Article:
EUR/USD: Euro falls back below 1.25 as Draghi weighs in
The euro declined against its US counterpart Monday, retracing earlier gains as European Central Bank President Mario Draghi weighed in on the health of the Eurozone economy.
The EURUSD touched an intraday high of 1.2575, the pair’s highest level since October 31. It would subsequently consolidate at 1.2457, declining 0.5 percent. The technical chart shows initial support at 1.2434 and resistance at 1.2583, although the 1.25 level has served as a key barrier throughout November. The EURUSD has bounced around 1.24-1.25 for most of the month, finding buyers and sellers at each end of that range.
European Central Bank President Mario Draghi reaffirmed today that he was prepared to do whatever it takes to stimulate the Eurozone economy. In a speech to the Economic and Monetary Affairs Committee, Draghi said the central bank’s credit easing measures were working, but cautioned Eurozone growth had weakened over the summer.
“The euro area growth momentum has weakened over the summer months and most recent forecasts have been revised downwards,” Draghi said.
“Risks to the economic outlook continue to be on the downside. In particular, the weakening in the euro area’s growth momentum, alongside heightened geopolitical risks, could dampen confidence and, in particular, private investment. In addition, insufficient progress in structural reforms in euro area countries constitutes a key downward risk to the economic outlook,” he added.
Still, Draghi affirmed that the ECB’s credit easing package is “delivering tangible benefits,” although the central bank’s governing council remained “unanimous in its commitment to using additional unconventional instruments if needed.”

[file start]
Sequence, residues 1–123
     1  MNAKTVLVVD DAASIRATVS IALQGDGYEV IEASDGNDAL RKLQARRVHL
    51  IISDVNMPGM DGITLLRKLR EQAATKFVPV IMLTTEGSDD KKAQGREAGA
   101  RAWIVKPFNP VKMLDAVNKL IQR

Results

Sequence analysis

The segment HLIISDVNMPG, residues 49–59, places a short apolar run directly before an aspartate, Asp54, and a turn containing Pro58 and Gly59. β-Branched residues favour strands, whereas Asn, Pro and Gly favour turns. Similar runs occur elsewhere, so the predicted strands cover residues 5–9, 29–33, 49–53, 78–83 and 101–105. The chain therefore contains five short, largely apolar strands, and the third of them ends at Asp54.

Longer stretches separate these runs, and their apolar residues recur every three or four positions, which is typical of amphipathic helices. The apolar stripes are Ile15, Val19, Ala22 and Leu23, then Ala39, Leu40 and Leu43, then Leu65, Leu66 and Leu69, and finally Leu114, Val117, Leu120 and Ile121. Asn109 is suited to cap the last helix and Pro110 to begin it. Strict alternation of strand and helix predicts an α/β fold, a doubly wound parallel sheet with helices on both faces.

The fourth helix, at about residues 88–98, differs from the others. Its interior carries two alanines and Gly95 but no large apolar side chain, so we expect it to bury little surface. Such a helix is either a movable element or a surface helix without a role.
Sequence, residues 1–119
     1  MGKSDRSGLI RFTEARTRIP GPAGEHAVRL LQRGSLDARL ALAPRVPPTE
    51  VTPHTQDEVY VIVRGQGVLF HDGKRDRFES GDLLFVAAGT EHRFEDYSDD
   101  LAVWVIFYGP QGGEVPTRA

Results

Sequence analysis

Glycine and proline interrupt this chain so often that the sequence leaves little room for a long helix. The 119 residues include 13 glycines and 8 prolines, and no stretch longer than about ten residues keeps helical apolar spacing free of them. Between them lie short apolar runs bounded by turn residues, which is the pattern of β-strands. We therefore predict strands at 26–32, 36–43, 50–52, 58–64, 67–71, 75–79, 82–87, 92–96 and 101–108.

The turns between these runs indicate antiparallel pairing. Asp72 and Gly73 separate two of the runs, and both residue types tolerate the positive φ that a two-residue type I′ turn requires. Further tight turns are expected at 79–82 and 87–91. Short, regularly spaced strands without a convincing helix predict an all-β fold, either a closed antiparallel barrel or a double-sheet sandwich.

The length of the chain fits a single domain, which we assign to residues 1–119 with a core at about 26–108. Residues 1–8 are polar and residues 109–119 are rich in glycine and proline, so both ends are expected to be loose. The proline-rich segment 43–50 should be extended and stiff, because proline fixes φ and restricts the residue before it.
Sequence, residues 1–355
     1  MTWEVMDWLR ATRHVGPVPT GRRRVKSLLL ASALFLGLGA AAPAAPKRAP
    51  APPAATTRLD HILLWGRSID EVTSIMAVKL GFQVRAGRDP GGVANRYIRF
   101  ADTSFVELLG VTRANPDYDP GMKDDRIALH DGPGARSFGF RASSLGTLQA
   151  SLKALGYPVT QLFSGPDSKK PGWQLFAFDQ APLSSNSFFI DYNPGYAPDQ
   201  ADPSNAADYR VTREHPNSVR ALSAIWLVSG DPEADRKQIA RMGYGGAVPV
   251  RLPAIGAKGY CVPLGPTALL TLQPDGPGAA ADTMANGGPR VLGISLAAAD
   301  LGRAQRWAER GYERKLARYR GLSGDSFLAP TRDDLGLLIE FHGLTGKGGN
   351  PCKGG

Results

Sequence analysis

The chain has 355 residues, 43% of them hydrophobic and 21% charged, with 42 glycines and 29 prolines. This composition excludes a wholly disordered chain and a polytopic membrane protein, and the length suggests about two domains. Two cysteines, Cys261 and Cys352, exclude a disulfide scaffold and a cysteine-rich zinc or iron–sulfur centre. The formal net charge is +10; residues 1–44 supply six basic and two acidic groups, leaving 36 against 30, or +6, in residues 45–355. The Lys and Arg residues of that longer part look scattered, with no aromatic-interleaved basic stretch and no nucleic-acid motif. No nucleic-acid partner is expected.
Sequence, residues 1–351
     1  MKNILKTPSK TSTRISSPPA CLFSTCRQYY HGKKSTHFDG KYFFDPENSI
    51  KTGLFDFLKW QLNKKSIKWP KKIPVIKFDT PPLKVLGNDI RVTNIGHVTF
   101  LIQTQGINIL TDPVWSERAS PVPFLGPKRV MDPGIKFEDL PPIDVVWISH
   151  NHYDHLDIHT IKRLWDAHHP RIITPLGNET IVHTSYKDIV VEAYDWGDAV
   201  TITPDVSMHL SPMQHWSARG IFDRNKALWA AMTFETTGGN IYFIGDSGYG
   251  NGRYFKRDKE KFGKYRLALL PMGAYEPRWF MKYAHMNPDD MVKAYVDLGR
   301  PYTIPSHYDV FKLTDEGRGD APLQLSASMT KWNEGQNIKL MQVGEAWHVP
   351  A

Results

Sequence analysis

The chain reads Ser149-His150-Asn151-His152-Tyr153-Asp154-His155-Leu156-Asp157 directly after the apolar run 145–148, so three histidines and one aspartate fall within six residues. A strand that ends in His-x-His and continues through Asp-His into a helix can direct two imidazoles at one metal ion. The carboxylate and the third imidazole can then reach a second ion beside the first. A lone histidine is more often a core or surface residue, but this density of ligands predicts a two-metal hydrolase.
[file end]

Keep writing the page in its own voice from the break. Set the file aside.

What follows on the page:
The ECB slashed interest rates to an all-time low of 0.05 percent in September and announced it would begin buying asset-backed securities to help stimulate the struggling economy and avoid Japanese-style deflation. Inflation has trended at less than half of the ECB’s target rate since last October. Last week the European Commission said Eurozone consumer prices rose 0.4 percent annually in October, following a 0.3 percent increase a month earlier. The core inflation rate was at 0.7 percent, official data showed.
The 19-nation currency bloc is expected to grow just 0.8 percent this year. The euro wide economy stagnated in the second quarter, as Germany contracted and Italy slipped back into recession. Eurozone GDP rebounded 0.2 percent in the July to September period, the EC reported last week. Germany, which accounts for a third of Eurozone output, edged up 0.1 percent in the third quarter.
The euro was unable to rebound following mediocre US industrial production figures. Industrial production in the world’s largest economy declined 0.1 percent in October, as mining and utilities output declined. The capacity utilization rate declined 0.3 percentage points to 78.9 percent.
Latest data continue to suggest the US growth engine was softening in the second half of the year, although economists remain relatively upbeat about the recovery efforts.
The US economy grew 3.5 percent year-on-year in the third quarter, exceeding forecasts. The government will release more complete third quarter data next week.
Sorry. No data so far.